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10 Things to Remember About Memorial Day

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Memorial Day is more than just a three-day weekend and a chance to get the year's first sunburn. Here's a handy 10-pack of facts to give the holiday some perspective.

1. It started with the Civil War

Memorial Day was a response to the unprecedented carnage of the Civil War, in which some 620,000 soldiers on both sides died. The loss of life and its effect on communities throughout the North and South led to spontaneous commemorations of the dead:

"¢ In 1864, women from Boalsburg, Pa., put flowers on the graves of their dead from the just-fought Battle of Gettysburg. The next year, a group of women decorated the graves of soldiers buried in a Vicksburg, Miss., cemetery.

"¢ In April 1866, women from Columbus, Miss., laid flowers on the graves of both Union and Confederate soldiers. It was recognized at the time as an act of healing sectional wounds. In the same month, up in Carbondale, Ill., 219 Civil War veterans marched through town in memory of the fallen to Woodlawn Cemetery, where Union hero Maj. Gen. John A. Logan delivered the principal address. The ceremony gave Carbondale its claim to the first organized, community-wide Memorial Day observance.

"¢ Waterloo, N.Y., began holding an annual community service on May 5, 1866. Although many towns claimed the title, it was Waterloo that won congressional recognition as the "birthplace of Memorial Day."

2. General Logan made it official

logan.jpgGen. Logan, the speaker at the Carbondale gathering, also was commander of the Grand Army of the Republic, an organization of Union veterans. On May 5, 1868, he issued General Orders No. 11, which set aside May 30, 1868, "for the purpose of strewing with flowers, or otherwise decorating the graves of comrades who died in defense of their country during the late rebellion"¦."


The orders expressed hope that the observance would be "kept up from year to year while a survivor of the war remains to honor the memory of his departed comrades."

3. It was first known as Decoration Day

From the practice of decorating graves with flowers, wreaths and flags, the holiday was long known as Decoration Day. The name Memorial Day goes back to 1882, but the older name didn't disappear until after World War II. Federal law declared "Memorial Day" the official name in 1967.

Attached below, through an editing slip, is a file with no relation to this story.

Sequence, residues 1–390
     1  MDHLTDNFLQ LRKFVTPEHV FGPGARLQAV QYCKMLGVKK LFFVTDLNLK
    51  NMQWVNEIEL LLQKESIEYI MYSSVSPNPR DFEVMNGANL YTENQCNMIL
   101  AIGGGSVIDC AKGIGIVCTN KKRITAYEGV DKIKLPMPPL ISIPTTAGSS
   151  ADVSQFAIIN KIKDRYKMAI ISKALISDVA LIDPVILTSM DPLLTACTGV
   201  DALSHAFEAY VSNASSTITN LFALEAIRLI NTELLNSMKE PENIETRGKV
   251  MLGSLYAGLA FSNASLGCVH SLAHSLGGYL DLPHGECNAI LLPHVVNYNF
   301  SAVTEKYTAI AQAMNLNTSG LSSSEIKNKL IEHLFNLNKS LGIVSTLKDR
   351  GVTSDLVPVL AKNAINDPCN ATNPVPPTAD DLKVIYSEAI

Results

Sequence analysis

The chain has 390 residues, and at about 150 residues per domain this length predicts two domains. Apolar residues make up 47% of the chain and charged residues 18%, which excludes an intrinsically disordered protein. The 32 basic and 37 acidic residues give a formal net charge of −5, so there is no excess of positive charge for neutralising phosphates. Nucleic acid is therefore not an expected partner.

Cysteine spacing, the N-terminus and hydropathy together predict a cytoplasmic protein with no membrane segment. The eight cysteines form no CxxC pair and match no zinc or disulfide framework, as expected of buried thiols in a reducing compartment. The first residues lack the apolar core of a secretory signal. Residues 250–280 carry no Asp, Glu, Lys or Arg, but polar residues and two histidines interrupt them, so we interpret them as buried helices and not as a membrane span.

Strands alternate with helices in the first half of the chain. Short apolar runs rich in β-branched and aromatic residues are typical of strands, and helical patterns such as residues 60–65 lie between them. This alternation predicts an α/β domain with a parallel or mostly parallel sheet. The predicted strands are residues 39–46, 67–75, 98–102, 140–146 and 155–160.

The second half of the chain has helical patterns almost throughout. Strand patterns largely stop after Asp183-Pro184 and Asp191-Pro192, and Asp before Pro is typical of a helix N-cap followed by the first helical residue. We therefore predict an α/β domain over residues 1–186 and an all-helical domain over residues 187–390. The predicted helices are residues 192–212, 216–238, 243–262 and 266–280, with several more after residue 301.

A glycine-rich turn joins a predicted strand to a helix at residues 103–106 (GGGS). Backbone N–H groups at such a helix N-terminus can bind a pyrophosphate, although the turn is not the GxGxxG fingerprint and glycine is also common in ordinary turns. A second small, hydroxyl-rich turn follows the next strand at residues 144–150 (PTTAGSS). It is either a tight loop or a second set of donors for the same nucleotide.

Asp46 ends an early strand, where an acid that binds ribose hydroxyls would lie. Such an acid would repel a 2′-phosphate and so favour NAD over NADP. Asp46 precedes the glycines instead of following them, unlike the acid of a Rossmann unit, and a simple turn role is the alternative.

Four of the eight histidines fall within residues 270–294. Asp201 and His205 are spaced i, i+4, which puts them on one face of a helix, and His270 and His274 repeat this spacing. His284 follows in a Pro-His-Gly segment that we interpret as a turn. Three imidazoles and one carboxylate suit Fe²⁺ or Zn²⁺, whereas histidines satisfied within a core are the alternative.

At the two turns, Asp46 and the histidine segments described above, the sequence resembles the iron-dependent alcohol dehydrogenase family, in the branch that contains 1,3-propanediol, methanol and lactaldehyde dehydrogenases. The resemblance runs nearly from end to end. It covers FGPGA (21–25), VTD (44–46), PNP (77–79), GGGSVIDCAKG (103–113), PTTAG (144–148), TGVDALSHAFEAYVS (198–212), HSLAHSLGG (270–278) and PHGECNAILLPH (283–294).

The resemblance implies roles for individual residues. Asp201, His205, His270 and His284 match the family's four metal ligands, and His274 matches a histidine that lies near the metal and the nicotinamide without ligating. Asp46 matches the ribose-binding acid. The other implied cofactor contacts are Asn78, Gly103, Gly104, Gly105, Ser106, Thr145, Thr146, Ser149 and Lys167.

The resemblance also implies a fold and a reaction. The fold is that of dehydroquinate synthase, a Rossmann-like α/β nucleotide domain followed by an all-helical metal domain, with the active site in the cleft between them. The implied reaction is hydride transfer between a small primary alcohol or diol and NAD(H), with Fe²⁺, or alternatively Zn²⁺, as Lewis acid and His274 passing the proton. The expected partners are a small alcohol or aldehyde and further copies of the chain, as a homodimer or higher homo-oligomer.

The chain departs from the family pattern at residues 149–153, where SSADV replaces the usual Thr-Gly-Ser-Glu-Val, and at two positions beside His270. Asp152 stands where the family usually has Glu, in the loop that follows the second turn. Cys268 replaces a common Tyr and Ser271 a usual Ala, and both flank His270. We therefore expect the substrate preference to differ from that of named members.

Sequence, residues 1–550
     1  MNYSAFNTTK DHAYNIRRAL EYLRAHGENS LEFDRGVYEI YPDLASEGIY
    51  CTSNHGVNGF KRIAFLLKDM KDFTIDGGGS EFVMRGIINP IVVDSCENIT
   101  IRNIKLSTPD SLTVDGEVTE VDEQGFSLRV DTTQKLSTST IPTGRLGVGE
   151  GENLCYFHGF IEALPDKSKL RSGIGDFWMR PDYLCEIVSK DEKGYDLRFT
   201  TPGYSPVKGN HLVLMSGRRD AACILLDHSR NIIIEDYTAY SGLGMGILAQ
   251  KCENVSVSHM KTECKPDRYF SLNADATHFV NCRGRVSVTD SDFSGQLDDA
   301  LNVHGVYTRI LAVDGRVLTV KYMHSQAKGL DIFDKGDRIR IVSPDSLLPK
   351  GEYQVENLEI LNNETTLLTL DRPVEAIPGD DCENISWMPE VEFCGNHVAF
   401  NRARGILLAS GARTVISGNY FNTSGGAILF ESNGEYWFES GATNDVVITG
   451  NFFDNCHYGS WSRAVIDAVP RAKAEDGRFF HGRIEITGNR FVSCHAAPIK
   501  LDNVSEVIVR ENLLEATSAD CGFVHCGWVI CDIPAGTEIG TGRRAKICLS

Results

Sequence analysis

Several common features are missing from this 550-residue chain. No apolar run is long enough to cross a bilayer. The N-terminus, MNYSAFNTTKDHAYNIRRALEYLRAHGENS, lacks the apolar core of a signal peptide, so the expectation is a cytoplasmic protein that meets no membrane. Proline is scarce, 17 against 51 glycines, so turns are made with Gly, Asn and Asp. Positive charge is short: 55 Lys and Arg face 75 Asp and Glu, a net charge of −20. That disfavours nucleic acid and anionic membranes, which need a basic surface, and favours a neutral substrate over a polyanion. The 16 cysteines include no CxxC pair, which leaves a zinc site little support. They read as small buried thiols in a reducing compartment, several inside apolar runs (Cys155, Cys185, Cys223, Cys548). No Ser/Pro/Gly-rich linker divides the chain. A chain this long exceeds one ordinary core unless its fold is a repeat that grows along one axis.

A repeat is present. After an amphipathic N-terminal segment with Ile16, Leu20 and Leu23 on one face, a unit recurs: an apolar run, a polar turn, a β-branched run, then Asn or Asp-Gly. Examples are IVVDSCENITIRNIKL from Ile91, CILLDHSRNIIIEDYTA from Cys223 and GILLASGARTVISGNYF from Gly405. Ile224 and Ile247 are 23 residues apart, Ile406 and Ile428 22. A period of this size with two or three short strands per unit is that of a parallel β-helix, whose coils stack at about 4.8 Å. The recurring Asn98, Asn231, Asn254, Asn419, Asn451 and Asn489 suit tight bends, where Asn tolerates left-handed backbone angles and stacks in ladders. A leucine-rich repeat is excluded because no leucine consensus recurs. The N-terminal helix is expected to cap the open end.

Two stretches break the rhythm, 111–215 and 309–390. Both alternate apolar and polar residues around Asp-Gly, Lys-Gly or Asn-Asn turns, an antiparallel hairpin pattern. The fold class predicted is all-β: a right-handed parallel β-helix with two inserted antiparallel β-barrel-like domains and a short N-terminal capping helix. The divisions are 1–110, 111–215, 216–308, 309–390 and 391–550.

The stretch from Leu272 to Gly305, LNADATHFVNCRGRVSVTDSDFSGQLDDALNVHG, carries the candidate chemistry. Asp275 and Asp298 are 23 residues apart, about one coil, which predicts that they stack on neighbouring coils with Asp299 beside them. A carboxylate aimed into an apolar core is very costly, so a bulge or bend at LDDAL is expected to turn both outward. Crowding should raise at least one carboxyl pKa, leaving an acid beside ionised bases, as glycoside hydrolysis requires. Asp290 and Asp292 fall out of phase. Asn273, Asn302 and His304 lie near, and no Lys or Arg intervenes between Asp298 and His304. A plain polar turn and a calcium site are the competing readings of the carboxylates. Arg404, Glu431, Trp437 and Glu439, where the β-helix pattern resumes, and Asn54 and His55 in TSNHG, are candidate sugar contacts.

4. The holiday is a franchise

Calling Memorial Day a "national holiday" is a bit of a misnomer. While there are 11 "federal holidays" created by Congress—including Memorial Day—they apply only to Federal employees and the District of Columbia. Federal Memorial Day, established in 1888, allowed Civil War veterans, many of whom were drawing a government paycheck, to honor their fallen comrades with out being docked a day's pay.

For the rest of us, our holidays were enacted state by state. New York was the first state to designate Memorial Day a legal holiday, in 1873. Most Northern states had followed suit by the 1890s. The states of the former Confederacy were unenthusiastic about a holiday memorializing those who, in Gen. Logan's words, "united to suppress the late rebellion." The South didn't adopt the May 30 Memorial Day until after World War I, by which time its purpose had been broadened to include those who died in all the country's wars.

In 1971, the Monday Holiday Law shifted Memorial Day from May 30, to the last Monday of the month.

5. It was James Garfield's finest hour—or maybe hour-and-a-half

On May 30, 1868, President Ulysses S. Grant presided over the first Memorial Day ceremony at Arlington National Cemetery—which, until 1864, was Confederate Gen. Robert E. Lee's plantation.

Some 5,000 people attended on a spring day which, The New York Times reported, was "somewhat too warm for comfort." The principal speaker was James A. Garfield, a Civil War general, Republican congressman from Ohio and future president.

"I am oppressed with a sense of the impropriety of uttering words on this occasion," Garfield began, and then continued to utter them. "If silence is ever golden, it must be beside the graves of fifteen-thousand men, whose lives were more significant than speech, and whose death was a poem the music of which can never be sung." It went on like that for pages and pages.

As the songs, speeches and sermons ended, the participants helped to decorate the graves of the Union and Confederate soldiers buried in the cemetery.

6. God knows, not even the Unknown Soldier can avoid media scrutiny these days

unknown-soldier.jpg"Here rests in honored glory an American soldier known but to God." That is the inscription on the Tomb of the Unknowns, established at Arlington National Cemetery to inter the remains of the first Unknown Soldier, a World War I fighter, on Nov. 11, 1921. Unknown soldiers from World War II and the Korean War subsequently were interred in the tomb on Memorial Day 1958.